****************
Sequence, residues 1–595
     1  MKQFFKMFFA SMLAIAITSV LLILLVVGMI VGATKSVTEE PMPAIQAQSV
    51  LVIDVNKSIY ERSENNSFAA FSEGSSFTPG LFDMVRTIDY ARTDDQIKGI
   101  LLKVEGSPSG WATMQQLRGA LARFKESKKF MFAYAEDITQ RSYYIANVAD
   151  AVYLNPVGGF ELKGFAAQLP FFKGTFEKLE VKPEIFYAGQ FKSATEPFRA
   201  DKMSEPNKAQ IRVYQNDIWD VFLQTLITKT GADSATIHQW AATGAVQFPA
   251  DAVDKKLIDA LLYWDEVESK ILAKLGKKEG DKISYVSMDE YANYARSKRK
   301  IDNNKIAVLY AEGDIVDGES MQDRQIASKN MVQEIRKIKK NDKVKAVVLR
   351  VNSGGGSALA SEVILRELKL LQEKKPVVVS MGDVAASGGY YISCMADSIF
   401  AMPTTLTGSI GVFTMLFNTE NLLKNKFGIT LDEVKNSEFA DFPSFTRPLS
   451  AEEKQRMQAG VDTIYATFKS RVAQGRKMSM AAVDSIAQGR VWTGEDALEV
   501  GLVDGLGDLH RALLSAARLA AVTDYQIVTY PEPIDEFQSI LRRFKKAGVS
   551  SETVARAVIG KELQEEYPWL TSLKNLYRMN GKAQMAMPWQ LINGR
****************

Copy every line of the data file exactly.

Sequence, residues 1–595
     1  MKQFFKMFFA SMLAIAITSV LLILLVVGMI VGATKSVTEE PMPAIQAQSV
    51  LVIDVNKSIY ERSENNSFAA FSEGSSFTPG LFDMVRTIDY ARTDDQIKGI
   101  LLKVEGSPSG WATMQQLRGA LARFKESKKF MFAYAEDITQ RSYYIANVAD
   151  AVYLNPVGGF ELKGFAAQLP FFKGTFEKLE VKPEIFYAGQ FKSATEPFRA
   201  DKMSEPNKAQ IRVYQNDIWD VFLQTLITKT GADSATIHQW AATGAVQFPA
   251  DAVDKKLIDA LLYWDEVESK ILAKLGKKEG DKISYVSMDE YANYARSKRK
   301  IDNNKIAVLY AEGDIVDGES MQDRQIASKN MVQEIRKIKK NDKVKAVVLR
   351  VNSGGGSALA SEVILRELKL LQEKKPVVVS MGDVAASGGY YISCMADSIF
   401  AMPTTLTGSI GVFTMLFNTE NLLKNKFGIT LDEVKNSEFA DFPSFTRPLS
   451  AEEKQRMQAG VDTIYATFKS RVAQGRKMSM AAVDSIAQGR VWTGEDALEV
   501  GLVDGLGDLH RALLSAARLA AVTDYQIVTY PEPIDEFQSI LRRFKKAGVS
   551  SETVARAVIG KELQEEYPWL TSLKNLYRMN GKAQMAMPWQ LINGR